Could Republicans shut the Senate down if they wanted to? All of the sudden, that's not such an idle question.
As we've been noting, Democrats in the Senate are proposing to tweak the chamber's filibuster rules when the 113th Congress convenes in January. Doing so would make it somewhat more cumbersome for the GOP minority to block legislation. And Democrats argue that they can make these changes with a simple 51-vote majority — the so-called "constitutional option."
In response, some Republicans are threatening to bring the entire chamber to a halt if Democrats go forward with this. “I think the backlash will be severe,” Sen. Tom Coburn (R-Okla.) told Politico earlier this week. "It will shut down the Senate,” warned John Cornyn (R-Tex.)
So what could Republicans actually do to retaliate? In theory, quite a bit, say political scientists. The GOP could find other ways to bog down legislation beyond the filibuster. Or the party could go nuclear and prevent the Senate from getting any business done whatsoever. "It's all a matter of degree and how much they wanted to ratchet up the response," says Sarah Binder of George Washington University.
For starters, as Jonathan Bernstein points out, there are all sorts of incremental steps Republicans could take to bog down Senate business if Democrats tweaked the filibuster rules. Right now, for example, the minority doesn't usually demand its allotted 30 hours of post-cloture debate time. That could change. Of course, the problem here is that Democrats could threaten to change those rules with 51 votes, as well. So this might not be a convincing threat.
Alternatively, the GOP could threaten to shut down the Senate entirely. This is technically doable. "Keep in mind that a lot of what Senate leaders do day to day is done by unanimous consent," explains Binder. If a single senator started objecting to every little motion and maneuver, it would become impossible to conduct any legislative business at all. Some examples:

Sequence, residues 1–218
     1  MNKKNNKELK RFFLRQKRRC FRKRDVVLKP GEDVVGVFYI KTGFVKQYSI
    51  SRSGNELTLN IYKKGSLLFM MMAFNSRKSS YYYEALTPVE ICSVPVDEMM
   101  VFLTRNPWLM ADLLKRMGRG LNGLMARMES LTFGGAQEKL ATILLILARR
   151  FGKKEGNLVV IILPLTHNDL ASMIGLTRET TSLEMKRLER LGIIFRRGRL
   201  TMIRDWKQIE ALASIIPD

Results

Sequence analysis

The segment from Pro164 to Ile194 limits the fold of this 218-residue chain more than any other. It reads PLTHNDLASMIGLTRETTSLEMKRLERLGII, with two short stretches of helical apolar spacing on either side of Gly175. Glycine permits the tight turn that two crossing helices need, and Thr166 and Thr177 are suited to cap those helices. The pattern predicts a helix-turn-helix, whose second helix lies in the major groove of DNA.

-- A 500-page amendment is brought to the floor, and the bill manager wants to dispense with the reading of the amendment? All a senator has to say is, "I object," and it's time to start reading all 500 pages out loud.
-- The Senate leader wants to waive the rule that prevents committees from meeting while the Senate is in session? A single senator can object, and, suddenly, committees can't meet.
-- Reid wants to adjourn the Senate until Jan. 3? "I object."
Any senator can do this at any time, if he or she is so inclined. Indeed, as Norm Ornstein of the American Enterprise Institute explains, this is basically what happens when a senator places a "hold" on a White House nominee. The senator is threatening to deny unanimous consent if the nomination goes forward.
There are a few precedents in the past for lawmakers bogging down the Senate. Back in 2010, then-Sen. Jim Bunning (R-Ky.) managed to deny unanimous consent for days on end in order to prevent the Senate from passing an unemployment benefits package that he thought needed to be paid for. His maneuvers earned him plenty of negative press. Other senators pleaded with him. Bunning simply shrugged and replied, "Tough shit."
But the fact that Republicans could bog down the Senate doesn't mean they necessarily would. "It's not an idle threat," says Ornstein. "But I'd also say the idea that you can shut the Senate down and keep it down, when you're a party that wants to pass an immigration bill and resolve the fiscal cliff, and when portions of government are shutting down because appropriations bills aren't passing... well, you'd have some explaining to do."
In other words, there are good political reasons why neither party has ever halted Senate activity completely for a sustained period of time. Bernstein, too, is skeptical that the GOP would go for a full-blown shutdown: "Basically, if they didn't do it so far, they had good reasons not to do it, and those reasons would not disappear with reform." But either way, it can certainly be done.
--How Democrats could end the filibuster with 51 votes.
--Why the filibuster reforms currently being proposed by Democrats may not change much.
--Why Republican Minority Leader Mitch McConnell is worried about the changes anyway.